Why Top Tasks?
At first glance, it may seem strange that we chose this method, considering that we were working in a medium-sized startup with a product that has been around for about five years. Our product was neither bloated nor stagnant. In fact, it was the opposite, and its market is rapidly growing. However, our organization was at a stage where there was an increasing risk of our focusing on siloed, hyper-valued areas of the product.
Our small, centrally organized research and design team was charged with assessing the product holistically. We needed to figure out how to unify the product’s functionality around a common set of goals. We chose the Top Tasks method not to slice away old, unused portions of the product, but to focus a guiding light on our journey ahead.
How We Modified Top Tasks
Let’s look at how we adapted and applied this method within a fast-paced startup by modifying certain steps from the original approach. These modified steps appear in italics in the following list:
- stakeholder socialization—This is the process through which we conveyed the value of Top Tasks and got stakeholder buy-in, as well as the commitment of their time.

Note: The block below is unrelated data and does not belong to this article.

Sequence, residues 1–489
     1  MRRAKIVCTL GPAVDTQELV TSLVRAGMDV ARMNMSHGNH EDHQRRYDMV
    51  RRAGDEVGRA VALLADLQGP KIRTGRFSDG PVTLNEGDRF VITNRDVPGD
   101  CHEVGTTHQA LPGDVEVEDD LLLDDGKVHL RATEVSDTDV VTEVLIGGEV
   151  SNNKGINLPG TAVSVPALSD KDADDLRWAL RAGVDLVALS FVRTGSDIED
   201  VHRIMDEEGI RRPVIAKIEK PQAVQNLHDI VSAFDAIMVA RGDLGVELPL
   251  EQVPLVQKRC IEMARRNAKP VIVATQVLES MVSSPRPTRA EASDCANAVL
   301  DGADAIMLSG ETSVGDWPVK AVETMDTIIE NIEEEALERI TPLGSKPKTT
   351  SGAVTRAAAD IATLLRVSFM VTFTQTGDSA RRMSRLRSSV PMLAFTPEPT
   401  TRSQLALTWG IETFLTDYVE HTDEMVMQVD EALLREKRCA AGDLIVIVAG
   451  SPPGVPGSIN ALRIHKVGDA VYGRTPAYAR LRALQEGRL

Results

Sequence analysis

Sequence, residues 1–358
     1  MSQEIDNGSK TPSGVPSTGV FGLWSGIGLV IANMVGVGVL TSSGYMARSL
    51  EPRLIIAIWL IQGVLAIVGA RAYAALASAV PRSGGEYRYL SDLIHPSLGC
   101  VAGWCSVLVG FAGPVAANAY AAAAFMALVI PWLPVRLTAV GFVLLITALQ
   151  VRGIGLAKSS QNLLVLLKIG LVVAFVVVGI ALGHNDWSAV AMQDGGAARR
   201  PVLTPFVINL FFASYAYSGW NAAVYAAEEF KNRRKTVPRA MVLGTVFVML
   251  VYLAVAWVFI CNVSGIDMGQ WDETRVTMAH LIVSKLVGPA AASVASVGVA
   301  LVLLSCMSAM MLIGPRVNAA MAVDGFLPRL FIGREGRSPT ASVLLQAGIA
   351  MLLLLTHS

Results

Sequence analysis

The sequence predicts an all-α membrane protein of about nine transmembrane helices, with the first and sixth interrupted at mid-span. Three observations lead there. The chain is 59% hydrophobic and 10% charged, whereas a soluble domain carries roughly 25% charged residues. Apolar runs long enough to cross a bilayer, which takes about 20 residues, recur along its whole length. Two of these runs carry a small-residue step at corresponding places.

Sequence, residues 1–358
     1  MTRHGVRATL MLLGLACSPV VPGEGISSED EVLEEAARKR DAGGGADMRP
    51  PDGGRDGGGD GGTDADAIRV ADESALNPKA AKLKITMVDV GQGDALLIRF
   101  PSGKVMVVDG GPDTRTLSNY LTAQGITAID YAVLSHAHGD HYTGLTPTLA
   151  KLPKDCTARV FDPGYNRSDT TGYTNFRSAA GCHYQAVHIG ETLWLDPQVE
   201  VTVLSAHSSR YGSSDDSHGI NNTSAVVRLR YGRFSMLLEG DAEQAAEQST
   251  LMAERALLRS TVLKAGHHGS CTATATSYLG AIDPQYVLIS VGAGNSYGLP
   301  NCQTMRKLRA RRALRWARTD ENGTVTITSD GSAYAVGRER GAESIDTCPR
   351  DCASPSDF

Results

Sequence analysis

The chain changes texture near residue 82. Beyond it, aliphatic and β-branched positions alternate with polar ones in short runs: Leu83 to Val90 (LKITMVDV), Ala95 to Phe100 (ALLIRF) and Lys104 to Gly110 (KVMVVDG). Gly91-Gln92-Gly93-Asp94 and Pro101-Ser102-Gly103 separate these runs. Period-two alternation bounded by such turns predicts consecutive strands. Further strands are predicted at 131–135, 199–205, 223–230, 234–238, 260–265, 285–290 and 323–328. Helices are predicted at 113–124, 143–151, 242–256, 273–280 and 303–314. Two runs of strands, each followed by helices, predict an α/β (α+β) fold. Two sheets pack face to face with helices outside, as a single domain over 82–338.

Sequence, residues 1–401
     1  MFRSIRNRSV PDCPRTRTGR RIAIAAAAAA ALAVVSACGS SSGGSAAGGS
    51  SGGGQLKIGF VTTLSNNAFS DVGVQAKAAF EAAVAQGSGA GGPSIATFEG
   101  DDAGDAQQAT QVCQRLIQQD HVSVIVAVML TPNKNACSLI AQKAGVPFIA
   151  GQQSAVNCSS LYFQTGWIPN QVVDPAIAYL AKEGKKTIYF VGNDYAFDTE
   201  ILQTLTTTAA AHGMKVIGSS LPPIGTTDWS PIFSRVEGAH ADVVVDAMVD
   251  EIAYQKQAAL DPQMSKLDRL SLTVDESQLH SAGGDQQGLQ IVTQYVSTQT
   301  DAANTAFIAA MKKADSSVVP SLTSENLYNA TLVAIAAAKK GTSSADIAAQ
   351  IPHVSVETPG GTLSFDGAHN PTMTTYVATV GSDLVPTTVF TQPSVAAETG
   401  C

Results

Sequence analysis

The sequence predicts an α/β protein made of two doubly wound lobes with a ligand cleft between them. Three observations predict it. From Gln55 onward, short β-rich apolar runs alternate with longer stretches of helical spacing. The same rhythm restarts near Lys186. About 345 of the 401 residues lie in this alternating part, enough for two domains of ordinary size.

- stakeholder working sessions—We conducted three 60-minute sessions, during which we had stakeholders compile lists of key tasks.
- refinement of proposed tasks list—We asked stakeholders to review our proposed refinements of their task lists. These refinements included the following:
- task wording—We updated the proposed language describing the tasks to ensure that we had a list of distinct, highly explicit tasks.
- task grouping—We reviewed the list of tasks to identify parent-child relationships. Our goal was to achieve a consistent level of granularity that is representative of the majority of our customers’ tasks.
- survey design—We observed the standard Top Tasks approach, in which we asked customers to look at the entire task list, then choose their five top tasks.
- survey distribution—We conducted two surveys, as follows:
- primary customer survey—We distributed this survey by sending out an email message with a link to the survey to collect responses from the people in our distribution list.
- internal survey—We measured alignment between the top tasks of perceived and actual customers.
- data analysis—We conducted analyses to identify correlations between tasks and various customer segments, including the following:
- user persona
- career level
- internal stakeholder versus customer
We’ll expand on our explanations of these modifications in greater detail next.